Most diagnosed headaches tend to be primary, so clinicians look for clues that may indicate a more serious secondary headache. Even when red flags are identified, some secondary headaches, such as headaches caused by sinusitis, can be easily diagnosed without neuroimaging.

Advantages and Disadvantages of Neuroimaging

MRIs, CT scans, EEGs, and other neuroimaging techniques have facilitated a greater understanding of the human brain and neurologic disorders.5,6 In the case of headache disorders, these scans are advantageous in situations where secondary disorders such as brain tumors and Chiasmal lesions present the same symptoms as migraines, cluster headaches, or tension-type headaches.7 In such cases, neuroimaging is required as a more sensitive diagnostic tool.

However, there are certain risks involved in the use of neuroimaging. When brain scans are not carried out effectively, there is the risk of providing inaccurate information to patients, leaving them unnecessarily worried or underconcerned, depending on the situation. The accuracy of the scan often depends on the quality of the imaging machine and the expertise of the operator. Even with the right conditions, false or misleading results may still occur. Exposure to radiation, allergic reaction to mediums, and necessary sedation for patients who feel claustrophobic can also lead to further complications. Although neuroimaging can be a cost-effective method of diagnosing life-threatening illnesses, overuse in headache disorders is driving up costs for both patients and healthcare providers.

Frequency of Neuroimaging in Hospitals

Findings from a study conducted in a pediatric hospital in the midwestern United States support the need to reduce unnecessary neuroimaging.8 A total of 53 patients underwent neuroimaging for headache complaints, and only two (3.8%) results showed significant intracranial findings requiring neurosurgical intervention. Another study, conducted in the United Kingdom, showed that headache on wakening (HoW) and sleep interruption secondary to headache (SIH) are most likely caused by primary headaches if the patient has a normal clinical and neurologic history.9 Of the 102 pediatric (ages 5-17) patients surveyed, 79 (77%) had HoW, 19 (19%) had SIH, and 4 (4%) presented with both HoW and SIH. Eventual diagnosis included migraines (66%), tension-type headaches (16%), headaches caused by medication abuse (11%), and sinusitis (1%). A total of 101 of these patients underwent neuroimaging. Normal results were found in 97 of the patients, and scans in the remaining 4 showed nonsignificant abnormalities. With no significant outcome from the scans, it was concluded that patient history would have been enough to form a diagnosis.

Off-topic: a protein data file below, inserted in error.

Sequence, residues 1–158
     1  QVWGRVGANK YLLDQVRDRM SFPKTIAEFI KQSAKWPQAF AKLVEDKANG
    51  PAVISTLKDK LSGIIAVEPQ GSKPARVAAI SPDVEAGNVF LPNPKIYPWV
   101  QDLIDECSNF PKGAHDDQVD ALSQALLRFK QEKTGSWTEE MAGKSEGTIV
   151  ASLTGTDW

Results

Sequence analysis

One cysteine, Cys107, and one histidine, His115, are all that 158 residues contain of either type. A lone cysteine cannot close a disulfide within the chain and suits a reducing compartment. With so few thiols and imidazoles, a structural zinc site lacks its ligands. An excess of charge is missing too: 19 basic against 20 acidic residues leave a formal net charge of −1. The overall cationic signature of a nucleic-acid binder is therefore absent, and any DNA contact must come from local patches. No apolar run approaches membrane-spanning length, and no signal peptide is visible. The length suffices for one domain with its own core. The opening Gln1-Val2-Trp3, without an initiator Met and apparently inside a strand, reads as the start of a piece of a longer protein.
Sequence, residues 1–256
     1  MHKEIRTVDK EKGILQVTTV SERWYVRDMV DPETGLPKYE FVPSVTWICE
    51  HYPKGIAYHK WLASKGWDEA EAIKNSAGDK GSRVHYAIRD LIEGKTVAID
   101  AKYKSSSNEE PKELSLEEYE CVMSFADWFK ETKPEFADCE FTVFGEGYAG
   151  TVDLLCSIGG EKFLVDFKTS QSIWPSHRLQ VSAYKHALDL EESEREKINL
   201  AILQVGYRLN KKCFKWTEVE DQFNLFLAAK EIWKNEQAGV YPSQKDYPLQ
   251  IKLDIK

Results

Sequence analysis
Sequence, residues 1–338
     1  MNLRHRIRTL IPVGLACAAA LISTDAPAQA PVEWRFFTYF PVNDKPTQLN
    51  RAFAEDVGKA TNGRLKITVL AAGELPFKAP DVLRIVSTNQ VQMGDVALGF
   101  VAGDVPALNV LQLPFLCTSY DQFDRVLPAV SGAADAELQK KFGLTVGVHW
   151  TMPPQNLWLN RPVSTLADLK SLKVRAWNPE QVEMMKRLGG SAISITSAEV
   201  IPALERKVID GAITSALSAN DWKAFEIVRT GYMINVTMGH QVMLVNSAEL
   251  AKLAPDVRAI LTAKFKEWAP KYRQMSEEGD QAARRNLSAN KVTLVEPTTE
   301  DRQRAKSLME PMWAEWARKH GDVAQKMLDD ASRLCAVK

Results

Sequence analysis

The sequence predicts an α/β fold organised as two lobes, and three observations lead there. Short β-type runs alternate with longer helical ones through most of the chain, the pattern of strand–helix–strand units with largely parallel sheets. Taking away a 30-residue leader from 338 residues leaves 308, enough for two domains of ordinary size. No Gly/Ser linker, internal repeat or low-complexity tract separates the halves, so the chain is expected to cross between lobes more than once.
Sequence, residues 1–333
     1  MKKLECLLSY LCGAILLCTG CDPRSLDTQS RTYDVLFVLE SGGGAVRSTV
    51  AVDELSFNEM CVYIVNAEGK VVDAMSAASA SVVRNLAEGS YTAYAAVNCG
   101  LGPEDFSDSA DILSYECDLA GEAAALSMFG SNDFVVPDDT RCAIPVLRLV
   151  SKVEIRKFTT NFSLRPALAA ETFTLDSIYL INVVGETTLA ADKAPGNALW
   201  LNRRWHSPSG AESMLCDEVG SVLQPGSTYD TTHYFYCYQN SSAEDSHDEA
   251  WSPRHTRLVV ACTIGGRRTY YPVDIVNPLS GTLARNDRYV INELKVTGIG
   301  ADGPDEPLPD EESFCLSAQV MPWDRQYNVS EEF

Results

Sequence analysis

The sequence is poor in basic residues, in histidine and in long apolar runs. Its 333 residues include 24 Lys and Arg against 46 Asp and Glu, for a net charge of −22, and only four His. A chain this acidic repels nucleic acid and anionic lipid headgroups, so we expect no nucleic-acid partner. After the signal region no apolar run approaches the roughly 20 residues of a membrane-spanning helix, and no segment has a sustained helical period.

An even more comprehensive study was conducted among adults in a Chinese hospital.10 A total of 2140 subjects, separated into 1070 healthy controls and 1070 people with primary headache, underwent MRI and CT scans. Only 4 (0.58%) patients with primary headache and 5 (0.73%) healthy controls had significant abnormalities, suggesting that neuroimaging is unnecessary for patients with established primary headache disorders.